Top 5 Places to Go in Italy (Part 2)
Italy is such a great place that there is no way to fit it into one post.The first post covered just Rome, but the following will attempt to cover as much of the rest of Italy as possible!
The city of Venice is so popular that it even has its own hotel in Las Vegas.There is few less iconic things in Europe than sitting in a gondola with your significant other and floating through the city of Canals.In the previous posts we said that both Bruges and Amsterdam are often called the Venice of the North, and that is with good reason: Venice has over 100 canals and over 400 bridges.
Venice was an important trade center for many years in pre-modern times, but now the city thrives off of its visiting tourists.It is consistently one of the top 30 most visited cities in the world for tourism.One of the most visited sites in the city of Venice is the Piazza San Marco, which features the Church of Saint Mark.
Florence is a city steeped in culture and history (sounds like every city in Europe).Part of what helps set Florence apart from other cities is that, along with Milan, these two cities dominate the fashion world and are a must see for any fashion enthusiast.As with almost every major city, there is an extremely famous cathedral with brilliant architecture called the Cathedral of Santa Maria, or sometimes the Florence Cathedral (visible in photo above).This Cathedral dates back to the mid 1400s and has been a staple in the city of Florence ever since.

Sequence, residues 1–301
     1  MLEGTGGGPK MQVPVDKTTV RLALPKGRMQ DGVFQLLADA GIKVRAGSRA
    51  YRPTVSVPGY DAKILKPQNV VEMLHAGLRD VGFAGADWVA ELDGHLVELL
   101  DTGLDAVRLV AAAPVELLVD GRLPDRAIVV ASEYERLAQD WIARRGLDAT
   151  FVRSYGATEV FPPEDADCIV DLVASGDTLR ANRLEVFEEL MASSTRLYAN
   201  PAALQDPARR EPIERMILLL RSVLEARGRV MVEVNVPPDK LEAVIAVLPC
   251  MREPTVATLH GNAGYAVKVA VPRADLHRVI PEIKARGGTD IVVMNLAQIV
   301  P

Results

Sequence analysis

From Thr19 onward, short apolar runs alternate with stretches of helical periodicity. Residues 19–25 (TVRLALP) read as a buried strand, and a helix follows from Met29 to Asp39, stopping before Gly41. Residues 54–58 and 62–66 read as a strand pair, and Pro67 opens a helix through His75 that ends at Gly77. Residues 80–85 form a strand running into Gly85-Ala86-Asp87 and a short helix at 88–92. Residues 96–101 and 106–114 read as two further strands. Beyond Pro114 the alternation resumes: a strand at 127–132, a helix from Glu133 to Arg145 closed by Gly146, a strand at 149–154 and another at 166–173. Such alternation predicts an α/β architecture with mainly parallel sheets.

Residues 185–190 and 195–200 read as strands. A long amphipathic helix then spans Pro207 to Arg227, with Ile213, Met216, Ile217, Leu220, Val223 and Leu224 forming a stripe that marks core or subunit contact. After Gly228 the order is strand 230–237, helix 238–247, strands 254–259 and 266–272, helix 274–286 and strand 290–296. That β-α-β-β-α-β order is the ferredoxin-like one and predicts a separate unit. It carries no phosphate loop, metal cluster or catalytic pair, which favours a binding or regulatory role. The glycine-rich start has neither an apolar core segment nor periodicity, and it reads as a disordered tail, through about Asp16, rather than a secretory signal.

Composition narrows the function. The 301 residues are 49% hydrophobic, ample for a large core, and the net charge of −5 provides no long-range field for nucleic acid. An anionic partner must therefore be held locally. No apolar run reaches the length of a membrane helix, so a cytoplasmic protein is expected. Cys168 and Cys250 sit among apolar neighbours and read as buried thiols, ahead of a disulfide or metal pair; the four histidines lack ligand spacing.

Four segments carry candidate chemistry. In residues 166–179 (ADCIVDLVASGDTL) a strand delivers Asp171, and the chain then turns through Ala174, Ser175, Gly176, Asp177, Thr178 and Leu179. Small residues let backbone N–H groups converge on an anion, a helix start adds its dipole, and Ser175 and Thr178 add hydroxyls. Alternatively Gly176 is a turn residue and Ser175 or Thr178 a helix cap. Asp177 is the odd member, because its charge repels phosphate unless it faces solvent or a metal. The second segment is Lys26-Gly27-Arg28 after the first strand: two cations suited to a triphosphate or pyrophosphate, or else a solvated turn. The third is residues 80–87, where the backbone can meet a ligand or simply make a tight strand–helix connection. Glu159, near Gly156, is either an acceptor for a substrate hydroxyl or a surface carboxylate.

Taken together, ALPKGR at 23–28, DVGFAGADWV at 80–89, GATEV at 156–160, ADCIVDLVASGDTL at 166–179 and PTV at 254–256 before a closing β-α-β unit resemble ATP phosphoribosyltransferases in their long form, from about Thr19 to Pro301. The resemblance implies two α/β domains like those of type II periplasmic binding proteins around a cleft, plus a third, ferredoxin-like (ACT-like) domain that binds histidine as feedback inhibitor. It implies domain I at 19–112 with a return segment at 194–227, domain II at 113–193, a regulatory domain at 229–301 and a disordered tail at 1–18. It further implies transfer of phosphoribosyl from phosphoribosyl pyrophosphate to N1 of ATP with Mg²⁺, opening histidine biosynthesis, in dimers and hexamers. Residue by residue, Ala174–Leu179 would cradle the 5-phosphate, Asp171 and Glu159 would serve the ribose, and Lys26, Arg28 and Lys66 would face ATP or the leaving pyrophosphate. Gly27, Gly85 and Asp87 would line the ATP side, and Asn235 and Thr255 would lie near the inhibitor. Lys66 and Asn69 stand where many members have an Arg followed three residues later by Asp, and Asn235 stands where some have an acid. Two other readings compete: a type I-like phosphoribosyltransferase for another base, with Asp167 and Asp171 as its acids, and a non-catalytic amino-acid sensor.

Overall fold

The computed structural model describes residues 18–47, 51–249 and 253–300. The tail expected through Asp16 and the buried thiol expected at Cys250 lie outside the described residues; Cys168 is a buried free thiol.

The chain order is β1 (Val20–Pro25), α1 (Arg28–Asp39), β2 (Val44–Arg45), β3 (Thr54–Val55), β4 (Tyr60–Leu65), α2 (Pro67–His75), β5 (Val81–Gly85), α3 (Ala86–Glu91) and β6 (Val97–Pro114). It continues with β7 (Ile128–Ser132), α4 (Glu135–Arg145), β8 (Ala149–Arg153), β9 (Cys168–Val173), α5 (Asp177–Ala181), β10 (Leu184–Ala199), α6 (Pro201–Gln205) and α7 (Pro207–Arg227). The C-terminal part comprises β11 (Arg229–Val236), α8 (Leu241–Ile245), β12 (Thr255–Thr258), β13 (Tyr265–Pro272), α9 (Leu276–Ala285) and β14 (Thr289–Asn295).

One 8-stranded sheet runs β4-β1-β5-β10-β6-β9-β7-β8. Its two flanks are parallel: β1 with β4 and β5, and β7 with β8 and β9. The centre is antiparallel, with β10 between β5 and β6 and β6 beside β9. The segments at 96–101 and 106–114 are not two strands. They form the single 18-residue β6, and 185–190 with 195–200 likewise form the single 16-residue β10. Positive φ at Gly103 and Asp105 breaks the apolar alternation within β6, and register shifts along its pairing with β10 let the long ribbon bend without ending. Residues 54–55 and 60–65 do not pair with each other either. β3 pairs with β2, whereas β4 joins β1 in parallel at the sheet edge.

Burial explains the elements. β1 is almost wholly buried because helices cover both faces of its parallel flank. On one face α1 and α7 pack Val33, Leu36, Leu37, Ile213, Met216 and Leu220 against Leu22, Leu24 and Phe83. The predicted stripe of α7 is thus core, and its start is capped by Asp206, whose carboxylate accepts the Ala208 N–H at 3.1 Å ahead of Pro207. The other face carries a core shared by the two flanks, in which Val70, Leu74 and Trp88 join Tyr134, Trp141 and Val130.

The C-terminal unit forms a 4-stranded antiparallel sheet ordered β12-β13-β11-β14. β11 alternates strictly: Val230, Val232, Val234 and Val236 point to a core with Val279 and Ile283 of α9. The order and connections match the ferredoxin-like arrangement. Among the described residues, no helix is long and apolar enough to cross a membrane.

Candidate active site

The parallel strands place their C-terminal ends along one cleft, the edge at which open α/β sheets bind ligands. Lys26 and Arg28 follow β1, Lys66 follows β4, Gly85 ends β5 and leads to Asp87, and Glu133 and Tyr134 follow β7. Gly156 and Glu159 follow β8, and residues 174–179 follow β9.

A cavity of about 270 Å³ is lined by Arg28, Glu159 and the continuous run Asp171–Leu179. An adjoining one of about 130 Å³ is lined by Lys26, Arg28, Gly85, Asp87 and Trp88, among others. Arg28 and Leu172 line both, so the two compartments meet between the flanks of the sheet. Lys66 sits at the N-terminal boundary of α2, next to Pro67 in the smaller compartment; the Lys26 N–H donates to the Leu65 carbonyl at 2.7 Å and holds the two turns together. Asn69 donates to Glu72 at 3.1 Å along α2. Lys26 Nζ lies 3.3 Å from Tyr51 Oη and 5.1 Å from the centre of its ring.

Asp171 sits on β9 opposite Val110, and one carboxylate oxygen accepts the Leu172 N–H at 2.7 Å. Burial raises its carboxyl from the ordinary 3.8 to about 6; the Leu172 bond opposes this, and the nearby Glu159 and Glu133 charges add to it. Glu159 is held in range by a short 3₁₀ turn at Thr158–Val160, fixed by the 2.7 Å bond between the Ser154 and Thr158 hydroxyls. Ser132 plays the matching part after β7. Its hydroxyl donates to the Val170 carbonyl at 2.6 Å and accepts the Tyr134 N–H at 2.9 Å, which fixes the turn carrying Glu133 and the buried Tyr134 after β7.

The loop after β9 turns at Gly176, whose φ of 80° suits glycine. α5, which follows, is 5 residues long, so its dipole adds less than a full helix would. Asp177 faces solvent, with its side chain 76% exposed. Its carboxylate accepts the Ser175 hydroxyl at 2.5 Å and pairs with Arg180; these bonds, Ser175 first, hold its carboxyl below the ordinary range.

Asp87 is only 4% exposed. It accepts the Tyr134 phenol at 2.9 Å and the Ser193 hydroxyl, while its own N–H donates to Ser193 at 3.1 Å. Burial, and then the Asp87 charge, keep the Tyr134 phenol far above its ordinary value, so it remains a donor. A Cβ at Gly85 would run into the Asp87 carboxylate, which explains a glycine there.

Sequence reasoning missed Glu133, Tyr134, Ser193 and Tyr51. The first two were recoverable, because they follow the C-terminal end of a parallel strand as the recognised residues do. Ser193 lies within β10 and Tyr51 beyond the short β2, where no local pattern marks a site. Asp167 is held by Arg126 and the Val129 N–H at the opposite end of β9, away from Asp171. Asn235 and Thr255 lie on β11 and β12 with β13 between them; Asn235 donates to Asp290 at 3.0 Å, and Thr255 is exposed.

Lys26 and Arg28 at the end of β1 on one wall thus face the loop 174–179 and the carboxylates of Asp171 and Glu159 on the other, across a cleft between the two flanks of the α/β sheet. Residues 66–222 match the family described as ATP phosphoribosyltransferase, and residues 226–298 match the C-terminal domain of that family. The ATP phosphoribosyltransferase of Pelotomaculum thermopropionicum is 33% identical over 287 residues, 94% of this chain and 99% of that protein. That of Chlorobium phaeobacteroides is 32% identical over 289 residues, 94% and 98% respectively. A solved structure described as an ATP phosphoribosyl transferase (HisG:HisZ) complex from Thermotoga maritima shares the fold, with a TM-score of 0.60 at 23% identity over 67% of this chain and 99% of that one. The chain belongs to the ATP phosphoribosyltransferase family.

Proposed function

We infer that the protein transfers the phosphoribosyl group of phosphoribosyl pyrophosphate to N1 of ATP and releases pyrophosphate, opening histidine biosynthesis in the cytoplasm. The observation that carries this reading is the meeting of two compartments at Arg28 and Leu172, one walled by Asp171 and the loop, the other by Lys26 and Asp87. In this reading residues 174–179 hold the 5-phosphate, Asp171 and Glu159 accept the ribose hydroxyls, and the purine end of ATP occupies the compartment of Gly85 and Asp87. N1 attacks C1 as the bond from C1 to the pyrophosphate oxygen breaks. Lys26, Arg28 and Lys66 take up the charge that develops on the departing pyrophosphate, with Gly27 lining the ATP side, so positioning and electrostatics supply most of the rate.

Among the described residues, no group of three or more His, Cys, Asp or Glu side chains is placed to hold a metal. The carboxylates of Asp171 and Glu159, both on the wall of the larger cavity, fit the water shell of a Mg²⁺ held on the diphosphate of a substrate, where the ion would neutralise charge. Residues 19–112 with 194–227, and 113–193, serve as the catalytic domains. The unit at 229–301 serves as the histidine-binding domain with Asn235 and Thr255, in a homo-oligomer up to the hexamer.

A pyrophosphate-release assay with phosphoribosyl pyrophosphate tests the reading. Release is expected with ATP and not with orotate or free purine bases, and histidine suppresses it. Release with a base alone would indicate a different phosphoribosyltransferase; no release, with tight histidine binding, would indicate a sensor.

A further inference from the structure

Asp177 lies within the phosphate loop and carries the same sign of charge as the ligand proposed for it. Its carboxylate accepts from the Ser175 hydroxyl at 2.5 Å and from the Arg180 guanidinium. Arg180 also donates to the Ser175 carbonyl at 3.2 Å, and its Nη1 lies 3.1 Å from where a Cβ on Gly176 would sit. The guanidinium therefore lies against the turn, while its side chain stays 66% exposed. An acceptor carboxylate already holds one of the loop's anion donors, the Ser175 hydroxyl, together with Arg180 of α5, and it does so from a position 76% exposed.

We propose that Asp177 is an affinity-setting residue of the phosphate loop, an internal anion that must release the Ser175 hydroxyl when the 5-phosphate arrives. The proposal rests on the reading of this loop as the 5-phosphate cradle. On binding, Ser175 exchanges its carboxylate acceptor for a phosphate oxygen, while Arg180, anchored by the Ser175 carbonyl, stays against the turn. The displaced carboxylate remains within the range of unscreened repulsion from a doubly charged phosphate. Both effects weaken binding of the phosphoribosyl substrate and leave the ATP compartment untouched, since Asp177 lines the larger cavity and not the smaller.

Another one of Florence’s largest draws is the Uffizi Gallery.This is one of the oldest and most famous/visited art museums in the world.Some of the most famous artists featured in the museum are Leonardo da Vinci, Sandro Botticelli, Michelangelo, Raphael, and Rembrandt, to name a few.
Naples is known for many things, but probably the most famous is their Pizza and their Ice Cream (Neapolitan).A great date night for a couple would involve getting some Neapolitan Pizza for dinner, having a night out seeing an opera at the Teatro di San Carlo, Italy’s oldest and largest opera house, with some Neapolitan ice cream for desert.
Naples is the largest city located closely to remnants of Mt. Vesuvius.When it erupted in AD 79, it destroyed both the cities of Pompeii and Herculeum.There are terrific ruins at both sites, however Pompeii is the more tourist heavy location.Herculeum, though, has arguably the better ruins as many of the bodies have been kept in their uncovered state.When Vesuvius erupted, Herculeum was instantly covered in a large layer of ash and preserved people exactly in the position they were when the volcano erupted.Because of this, archeologists and anthropologists alike hold the ruins at these locations as some of the most important windows into life in the first century.
Hardly needing an introduction, Pisa is famous almost exclusively due to its leaning tower.The Leaning Tower of Pisa was constructed as a bell tower to the nearby cathedral, and became famous for being built on soft ground and literally leaning towards one side.It slowly moved year after year to its current position.There are many leaning towers around the world, but nearly all of them were intentional.Pisa is now a national monument/icon for the whole country of Italy.
Milan, as mentioned before, is well known in the modern world for being one of the biggest contributors to the fashion world.Milan is one of the largest cities in northern Italy and, as with all of Italy, you will easily be lost in all of the architecture and culture throughout the city.But the one thing you would be amiss to miss in a visit to Milan is da Vinci’s painting of the Last Supper.This mural is housed in the monastery of Santa Maria Delle Grazie in Milan and probably the main attraction for the casual traveler.